On the tip of the Southern California coast sits a Pacific gem that’s the envy of almost every city in the United States. With it’s mild Mediterranean climate, stunning beaches, gorgeous parks, mountains and world-class attractions, there’s a lifetime’s worth of places to see San Diego.
Add in the laid-back Southern Cal vibe and nothing else compares. Residents and visitors alike attest that its motto as ‘America’s Finest City’ is quite fitting. Years ago, I was asked what was so special about San Diego. I responded that, “when you live in this wonderful place and you are not physically at work, you feel like you’re on vacation.” Twenty-five years later, I still feel the exact same way.
Whether you just moved here or are one of our 35 million visitors who flock to San Diego County each year, here are the not-to-be missed places and things to do in this coastal paradise.
Things to do in San Diego
San Diego Zoo
The world-famous San Diego Zoo in Balboa Park sits on over 100 acres of rambling hills with multi-level exhibits and outdoor escalators. With more than four million visitors annually, it’s the most visited zoo in the U.S. and is considered one of the best zoos in the world.
Home to 4,000 animals representing 650 species and subspecies in open-air, cageless exhibits that recreate natural animal habitats, the Zoo specializes in the preservation of endangered species. The multitude of exotic animals here is impressive, as is the lush native and exotic vegetation.
A double-decker bus and another with hop-on-hop-off tours are available along with a sky lift for moving around the Zoo. Meandering walking trails are well marked and nicely shaded.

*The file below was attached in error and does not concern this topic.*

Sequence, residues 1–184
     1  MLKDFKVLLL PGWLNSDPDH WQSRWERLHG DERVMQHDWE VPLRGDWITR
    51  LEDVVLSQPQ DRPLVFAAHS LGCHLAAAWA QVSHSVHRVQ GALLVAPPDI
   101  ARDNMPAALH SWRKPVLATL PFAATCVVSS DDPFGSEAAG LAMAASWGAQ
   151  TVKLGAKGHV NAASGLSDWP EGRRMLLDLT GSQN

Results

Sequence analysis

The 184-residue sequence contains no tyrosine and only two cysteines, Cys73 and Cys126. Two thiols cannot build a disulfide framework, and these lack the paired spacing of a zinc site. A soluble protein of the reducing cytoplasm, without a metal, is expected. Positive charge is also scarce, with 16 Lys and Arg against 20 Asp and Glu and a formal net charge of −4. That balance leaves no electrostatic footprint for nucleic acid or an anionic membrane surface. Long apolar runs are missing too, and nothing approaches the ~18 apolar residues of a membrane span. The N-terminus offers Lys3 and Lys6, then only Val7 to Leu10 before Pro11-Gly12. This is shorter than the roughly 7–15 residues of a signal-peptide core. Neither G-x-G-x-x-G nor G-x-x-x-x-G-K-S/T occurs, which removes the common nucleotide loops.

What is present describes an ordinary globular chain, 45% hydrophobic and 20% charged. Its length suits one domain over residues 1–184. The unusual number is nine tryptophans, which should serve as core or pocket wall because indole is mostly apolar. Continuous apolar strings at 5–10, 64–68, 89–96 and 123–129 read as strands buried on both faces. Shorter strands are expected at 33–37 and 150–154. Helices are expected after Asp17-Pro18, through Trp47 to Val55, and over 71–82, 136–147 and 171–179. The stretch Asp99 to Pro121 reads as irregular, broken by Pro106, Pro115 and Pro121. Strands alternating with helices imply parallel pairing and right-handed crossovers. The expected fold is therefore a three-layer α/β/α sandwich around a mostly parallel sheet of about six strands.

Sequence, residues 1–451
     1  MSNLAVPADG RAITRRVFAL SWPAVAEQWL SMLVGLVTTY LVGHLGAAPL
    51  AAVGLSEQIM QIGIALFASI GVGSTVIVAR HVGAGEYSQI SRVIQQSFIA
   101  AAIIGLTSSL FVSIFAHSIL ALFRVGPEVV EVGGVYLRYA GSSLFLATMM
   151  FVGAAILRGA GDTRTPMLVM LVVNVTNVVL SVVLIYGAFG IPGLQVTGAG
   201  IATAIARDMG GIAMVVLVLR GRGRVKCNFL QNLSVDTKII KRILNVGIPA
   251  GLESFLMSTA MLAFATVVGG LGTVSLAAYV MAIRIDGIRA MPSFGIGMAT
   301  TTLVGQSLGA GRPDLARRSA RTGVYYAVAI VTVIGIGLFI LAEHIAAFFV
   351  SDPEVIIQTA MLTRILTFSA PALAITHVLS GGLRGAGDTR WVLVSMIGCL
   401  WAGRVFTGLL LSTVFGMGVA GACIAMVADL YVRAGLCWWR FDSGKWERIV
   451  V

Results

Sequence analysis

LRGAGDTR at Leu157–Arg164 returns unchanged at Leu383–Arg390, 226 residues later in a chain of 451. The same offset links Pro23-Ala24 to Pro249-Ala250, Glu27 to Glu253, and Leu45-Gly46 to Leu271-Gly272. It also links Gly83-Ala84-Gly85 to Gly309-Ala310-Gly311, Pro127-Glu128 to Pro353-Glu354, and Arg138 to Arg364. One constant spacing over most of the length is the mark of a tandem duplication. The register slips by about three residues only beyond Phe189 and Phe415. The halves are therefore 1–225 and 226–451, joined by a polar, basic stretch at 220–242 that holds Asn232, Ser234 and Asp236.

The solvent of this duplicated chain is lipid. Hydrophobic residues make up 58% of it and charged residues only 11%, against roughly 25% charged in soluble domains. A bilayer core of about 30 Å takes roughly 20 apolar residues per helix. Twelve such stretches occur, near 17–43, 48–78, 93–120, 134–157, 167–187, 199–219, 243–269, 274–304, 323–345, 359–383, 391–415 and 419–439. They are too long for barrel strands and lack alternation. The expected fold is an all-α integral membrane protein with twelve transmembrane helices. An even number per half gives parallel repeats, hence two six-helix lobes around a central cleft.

San Diego Safari Park
If you wish to see animals within a more natural habitat, then the San Diego Safari Park is ideal. Once serving as the San Diego Zoo’s lab, veterinary, and breeding facility 30 miles north of the city, the Safari Park was not originally meant to be open to the public. Therefore, its enclosures and environment are even more expansive and natural allowing many animals to safely interact with one another.
With its many exhibits and natural biomes, the Safari Park is another world-class zoological facility. It is, however, open and can be considerably warmer than coastal San Diego. Make sure to bring shades, sunscreen or an umbrella when visiting in the summer.
San Diego has no shortage of charming communities. Residing just over the high-arching bridge from downtown San Diego, Coronado is renowned as the home of the famous historic Hotel Del Coronado. This impressive resort is an iconic San Diego landmark with its white Victorian architecture and red turreted roof. The ‘Del,’ as the locals call it, has hosted royalty, presidents, celebrities and the public for nearly 135 years. Recently renovated, the Del is even more stunning in the twilight hours.
Coronado Island, which is really a not an island at all, but rather a long peninsular spit, is also accessible by ferry from downtown. It’s home to the North Island Naval Air Station, a lovely downtown boulevard with restaurants and boutique shops, and stunning residences ranging from quaint cottages to impressive seaside abodes. The town is bicycle and dog-friendly and its beaches are legendary. Grab your canoes, kayaks and surfboards because this locale brings together all the ingredients of a great time.
An upscale neighborhood with a stunning shoreline, La Jolla (pronounced La Hoya) is as California as it gets. Two beautiful beaches and a seaside park, spectacular rocky La Jolla Cove, sea caves, shops, and restaurants make La Jolla a popular and picturesque San Diego destination.